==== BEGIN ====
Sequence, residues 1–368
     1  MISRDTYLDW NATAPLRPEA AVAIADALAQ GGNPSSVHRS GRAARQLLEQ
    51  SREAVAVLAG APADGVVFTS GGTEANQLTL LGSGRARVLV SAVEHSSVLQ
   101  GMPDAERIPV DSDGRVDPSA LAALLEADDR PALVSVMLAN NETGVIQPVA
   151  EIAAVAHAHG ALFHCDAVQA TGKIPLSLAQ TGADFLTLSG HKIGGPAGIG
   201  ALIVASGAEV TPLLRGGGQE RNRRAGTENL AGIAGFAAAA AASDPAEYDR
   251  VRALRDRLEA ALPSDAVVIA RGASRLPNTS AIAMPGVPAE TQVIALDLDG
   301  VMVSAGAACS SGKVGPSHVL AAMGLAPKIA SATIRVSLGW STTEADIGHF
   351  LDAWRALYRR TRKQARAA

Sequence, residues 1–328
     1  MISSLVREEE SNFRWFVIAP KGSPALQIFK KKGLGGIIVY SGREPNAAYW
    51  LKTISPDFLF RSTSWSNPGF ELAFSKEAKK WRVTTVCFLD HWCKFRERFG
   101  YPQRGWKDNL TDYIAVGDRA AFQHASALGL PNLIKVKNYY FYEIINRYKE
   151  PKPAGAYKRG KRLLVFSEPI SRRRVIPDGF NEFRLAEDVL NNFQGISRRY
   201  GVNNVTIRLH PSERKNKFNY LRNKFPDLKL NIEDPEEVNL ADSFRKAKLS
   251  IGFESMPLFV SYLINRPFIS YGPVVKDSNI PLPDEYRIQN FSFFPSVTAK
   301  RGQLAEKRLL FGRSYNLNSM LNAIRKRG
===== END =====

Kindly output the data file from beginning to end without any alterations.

Sequence, residues 1–368
     1  MISRDTYLDW NATAPLRPEA AVAIADALAQ GGNPSSVHRS GRAARQLLEQ
    51  SREAVAVLAG APADGVVFTS GGTEANQLTL LGSGRARVLV SAVEHSSVLQ
   101  GMPDAERIPV DSDGRVDPSA LAALLEADDR PALVSVMLAN NETGVIQPVA
   151  EIAAVAHAHG ALFHCDAVQA TGKIPLSLAQ TGADFLTLSG HKIGGPAGIG
   201  ALIVASGAEV TPLLRGGGQE RNRRAGTENL AGIAGFAAAA AASDPAEYDR
   251  VRALRDRLEA ALPSDAVVIA RGASRLPNTS AIAMPGVPAE TQVIALDLDG
   301  VMVSAGAACS SGKVGPSHVL AAMGLAPKIA SATIRVSLGW STTEADIGHF
   351  LDAWRALYRR TRKQARAA

Sequence, residues 1–328
     1  MISSLVREEE SNFRWFVIAP KGSPALQIFK KKGLGGIIVY SGREPNAAYW
    51  LKTISPDFLF RSTSWSNPGF ELAFSKEAKK WRVTTVCFLD HWCKFRERFG
   101  YPQRGWKDNL TDYIAVGDRA AFQHASALGL PNLIKVKNYY FYEIINRYKE
   151  PKPAGAYKRG KRLLVFSEPI SRRRVIPDGF NEFRLAEDVL NNFQGISRRY
   201  GVNNVTIRLH PSERKNKFNY LRNKFPDLKL NIEDPEEVNL ADSFRKAKLS
   251  IGFESMPLFV SYLINRPFIS YGPVVKDSNI PLPDEYRIQN FSFFPSVTAK
   301  RGQLAEKRLL FGRSYNLNSM LNAIRKRG